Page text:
# integration with absolute value.

#### paulmdrdo

##### Active member
$\displaystyle\int|2x-1|dx$

please tell me what is the first step to solve this.

#### Fernando Revilla

##### Well-known member
MHB Math Helper
$|2x-1|= \left \{ \begin{matrix} 2x-1&\text{ if }&x\geq \dfrac{1}{2}\\1-2x&\text{ if }&x< \dfrac{1}{2}\end{matrix}\right.$

#### paulmdrdo

##### Active member
does that mean i have to integrate those two definitions?

#### Fernando Revilla

##### Well-known member
MHB Math Helper
does that mean i have to integrate those two definitions?
There is only one definition: a piecewise function with two subdomains. Integrate at each subdomain.

#### paulmdrdo

##### Active member
we will have two answers is this correct?
$\displaystyle \int (2x-1)dx = {x^2}+x+C\,\,if\,x\geq\frac{1}{2}$
$\displaystyle \int (1-2x)dx = x-{x^2}+C\,\,if\,x\leq\frac{1}{2}$

#### Fernando Revilla

##### Well-known member
MHB Math Helper
$\displaystyle \int (2x-1)dx = {x^2}+x+C\,\,if\,x\geq\frac{1}{2}$
$\displaystyle \int (1-2x)dx = x-{x^2}+C\,\,if\,x\leq\frac{1}{2}$
Check the first one.

#### paulmdrdo

##### Active member
oh i made a typo. it should be,
$\displaystyle \int (2x-1)dx = {x^2}-x+C\,\,if\,x\geq\frac{1}{2}.$

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follow-up question, what if it is bounded?

$\displaystyle\int_{-1}^1|2x-1|dx$

#### Evgeny.Makarov

##### Well-known member
MHB Math Scholar
we will have two answers is this correct?
$\displaystyle \int (2x-1)dx = {x^2}+x+C\,\,if\,x\geq\frac{1}{2}$
$\displaystyle \int (1-2x)dx = x-{x^2}+C\,\,if\,x\leq\frac{1}{2}$
Besides $x^2-x$ in the first formula, an indefinite integral, by definition, is a differentiable, and therefore a continuous, function. So, the constants in the two lines have to be such that at 1/2 the functions have the same value.

follow-up question, what if it is bounded?

$\displaystyle\int_{-1}^1|2x-1|dx$
You still compute two definite integrals: from -1 to 1/2 plus from 1/2 to 1.

#### paulmdrdo

##### Active member
evgenymakarov "So, the constants in the two lines have to be such that at 1/2 the functions have the same value." - what do you mean by this?

and why is it from-1 to 1/2 plus 1/2 to 1?

#### Plato

##### Well-known member
MHB Math Helper
follow-up question, what if it is bounded?
$\displaystyle\int_{-1}^1|2x-1|dx$
why is it from-1 to 1/2 plus 1/2 to 1?
Look at the plot here.

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#### paulmdrdo

##### Active member
can you show me your work? i'm kind of confused because the boundary is from -1 to 1 only. why did you insert 1/2 there?

#### Evgeny.Makarov

##### Well-known member
MHB Math Scholar
evgenymakarov "So, the constants in the two lines have to be such that at 1/2 the functions have the same value." - what do you mean by this?
It's not like there are many lines with formulas and constants in the first quote in post #8. Anyway, to understand this I suggest you write explicitly the answer to your original problem in post #1, i.e., the result of evaluating this indefinite integral. And remember that the resulting function should be differentiable and, in particular, continuous. .

and why is it from-1 to 1/2 plus 1/2 to 1?
Try evaluating it any other way algebraically. Because the function being integrated is a piecewise function that is given by simple but different algebraic expressions below 1/2 and above 1/2, as shown in post #2.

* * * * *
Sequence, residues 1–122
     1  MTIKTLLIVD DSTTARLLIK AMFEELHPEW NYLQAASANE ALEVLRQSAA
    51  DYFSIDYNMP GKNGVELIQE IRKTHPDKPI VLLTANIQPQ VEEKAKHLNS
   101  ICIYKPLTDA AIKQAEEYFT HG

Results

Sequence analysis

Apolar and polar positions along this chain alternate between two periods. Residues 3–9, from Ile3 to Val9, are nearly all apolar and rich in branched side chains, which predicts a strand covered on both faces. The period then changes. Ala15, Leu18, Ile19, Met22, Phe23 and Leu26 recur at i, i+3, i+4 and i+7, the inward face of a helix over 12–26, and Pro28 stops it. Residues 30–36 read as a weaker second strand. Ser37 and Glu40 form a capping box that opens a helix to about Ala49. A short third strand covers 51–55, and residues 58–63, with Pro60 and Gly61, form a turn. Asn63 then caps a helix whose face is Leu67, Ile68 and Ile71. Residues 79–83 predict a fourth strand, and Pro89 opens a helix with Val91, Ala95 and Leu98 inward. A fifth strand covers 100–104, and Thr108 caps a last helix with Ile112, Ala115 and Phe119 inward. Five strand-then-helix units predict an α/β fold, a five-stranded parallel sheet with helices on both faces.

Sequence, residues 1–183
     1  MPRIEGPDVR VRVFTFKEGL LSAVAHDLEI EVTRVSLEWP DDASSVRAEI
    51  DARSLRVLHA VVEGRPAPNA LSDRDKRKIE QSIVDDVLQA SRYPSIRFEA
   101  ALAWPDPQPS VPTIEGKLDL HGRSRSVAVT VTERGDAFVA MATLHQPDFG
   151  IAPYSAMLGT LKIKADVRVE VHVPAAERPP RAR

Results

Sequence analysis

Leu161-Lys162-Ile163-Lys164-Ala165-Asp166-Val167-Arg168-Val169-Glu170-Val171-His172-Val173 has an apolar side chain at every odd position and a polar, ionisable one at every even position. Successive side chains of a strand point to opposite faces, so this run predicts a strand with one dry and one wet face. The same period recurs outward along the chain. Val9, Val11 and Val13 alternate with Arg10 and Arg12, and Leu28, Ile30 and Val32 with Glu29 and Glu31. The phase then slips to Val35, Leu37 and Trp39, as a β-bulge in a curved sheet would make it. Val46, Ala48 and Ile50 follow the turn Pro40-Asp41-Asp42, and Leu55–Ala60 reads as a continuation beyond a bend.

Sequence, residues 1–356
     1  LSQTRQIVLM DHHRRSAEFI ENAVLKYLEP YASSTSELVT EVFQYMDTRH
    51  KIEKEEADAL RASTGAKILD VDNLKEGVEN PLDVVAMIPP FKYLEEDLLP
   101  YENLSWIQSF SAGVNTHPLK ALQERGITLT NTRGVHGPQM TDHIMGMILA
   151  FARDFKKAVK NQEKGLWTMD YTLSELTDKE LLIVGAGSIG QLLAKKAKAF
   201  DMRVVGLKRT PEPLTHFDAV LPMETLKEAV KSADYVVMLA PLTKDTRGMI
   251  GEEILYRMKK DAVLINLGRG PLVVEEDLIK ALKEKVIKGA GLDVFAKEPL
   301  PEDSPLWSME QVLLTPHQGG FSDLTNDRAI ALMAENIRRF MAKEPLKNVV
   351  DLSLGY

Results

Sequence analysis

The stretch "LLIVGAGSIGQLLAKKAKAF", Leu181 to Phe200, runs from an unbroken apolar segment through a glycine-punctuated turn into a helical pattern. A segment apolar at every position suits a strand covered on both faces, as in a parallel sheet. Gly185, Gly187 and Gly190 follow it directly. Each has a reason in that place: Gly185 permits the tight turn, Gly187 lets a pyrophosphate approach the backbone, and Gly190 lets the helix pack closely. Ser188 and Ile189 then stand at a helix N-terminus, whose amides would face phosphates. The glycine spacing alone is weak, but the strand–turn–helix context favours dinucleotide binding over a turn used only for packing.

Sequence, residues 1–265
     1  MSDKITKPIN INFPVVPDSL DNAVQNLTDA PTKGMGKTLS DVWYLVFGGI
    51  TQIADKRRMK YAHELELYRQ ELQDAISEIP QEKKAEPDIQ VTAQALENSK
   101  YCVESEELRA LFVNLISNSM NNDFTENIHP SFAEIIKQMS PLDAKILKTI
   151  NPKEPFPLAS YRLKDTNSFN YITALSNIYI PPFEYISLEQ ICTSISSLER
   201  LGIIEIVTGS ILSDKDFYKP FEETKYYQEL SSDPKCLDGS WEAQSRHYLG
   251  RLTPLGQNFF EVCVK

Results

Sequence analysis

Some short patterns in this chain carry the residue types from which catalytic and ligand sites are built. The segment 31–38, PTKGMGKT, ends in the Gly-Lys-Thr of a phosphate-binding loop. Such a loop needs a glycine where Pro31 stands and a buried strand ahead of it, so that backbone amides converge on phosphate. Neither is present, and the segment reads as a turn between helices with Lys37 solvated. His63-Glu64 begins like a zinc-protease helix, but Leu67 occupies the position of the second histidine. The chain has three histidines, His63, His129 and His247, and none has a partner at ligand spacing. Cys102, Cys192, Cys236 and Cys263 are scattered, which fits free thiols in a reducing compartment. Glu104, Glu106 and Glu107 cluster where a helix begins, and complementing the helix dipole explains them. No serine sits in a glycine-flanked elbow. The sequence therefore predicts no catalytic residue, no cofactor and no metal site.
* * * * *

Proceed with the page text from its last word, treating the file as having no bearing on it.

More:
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#### paulmdrdo

##### Active member
what i have in my mind is like this

$\displaystyle\int_{-1}^1 (2x-1)dx$
$\displaystyle\int_{-1}^1 (1-2x)dx$

#### Fernando Revilla

##### Well-known member
MHB Math Helper
Besides $x^2-x$ in the first formula, an indefinite integral, by definition, is a differentiable, and therefore a continuous, function. So, the constants in the two lines have to be such that at 1/2 the functions have the same value.
Right. And considering it, we can express the solution in a more elegant way:
$$\int |2x-1|\;dx=\frac{(2x-1)\left |2x-1\right|}{4}+C$$

#### Evgeny.Makarov

##### Well-known member
MHB Math Scholar
what i have in my mind is like this

$\displaystyle\int_{-1}^1 (2x-1)dx$
$\displaystyle\int_{-1}^1 (1-2x)dx$
I assume this is related to evaluating $\int_{-1}^1|2x-1|\,dx$, but I am not sure how it is related.

#### paulmdrdo

##### Active member
$\displaystyle\int |2x-1|\;dx=\frac{(2x-1)\left |2x-1\right|}{4}+C$ --- why the other (2x-1) is in absolute value?

#### Fernando Revilla

##### Well-known member
MHB Math Helper
You can easily verify that if
$$f(x)= \left \{ \begin{matrix} \;\;\;x^2-x+\dfrac{1}{4}&\text{if}&x\geq \dfrac{1}{2}\\ -x^2+x-\dfrac{1}{4}&\text{if}&x< \dfrac{1}{2}\end{matrix}\right.$$
then, $f'(x)=\left|2x-1\right|$ for all $x\in\mathbb{R}$. But
$$\frac{(2x-1)|2x-1|}{4}=\left \{ \begin{matrix} \dfrac{(2x-1)(2x-1)}{4}&\text{if}&x\geq \dfrac{1}{2}\\ \frac{(2x-1)(1-2x)}{4}&\text{if}&x< \dfrac{1}{2}\end{matrix}\right.\\= \left \{ \begin{matrix} \;\;\;x^2-x+\dfrac{1}{4}&\text{if}&x\geq \dfrac{1}{2}\\ -x^2+x-\dfrac{1}{4}&\text{if}&x< \dfrac{1}{2}\end{matrix}\right.$$
As a consequence,
$$\int |2x-1|\;dx=\frac{(2x-1)\left |2x-1\right|}{4}+C\quad (C\in\mathbb{R})$$

#### paulmdrdo

##### Active member
oh men, i'm lost here!

#### Evgeny.Makarov

##### Well-known member
MHB Math Scholar
As Fernando pointed out, writing the result of integration using absolute value is more elegant, but not necessarily easier.

The idea is simple. You have a piecewise function that is made of two functions: before 1/2 it is $1 - 2x$ and after 1/2 it is $2x - 1$. Correspondingly, the indefinite integral will also be different before and after 1/2. You just need to integrate the corresponding function. The definite integral can also be broken into two parts (before and after 1/2) because in each part the function being integrated is either $1-2x$ or $2x-1$, and integrating such functions is straigtforward.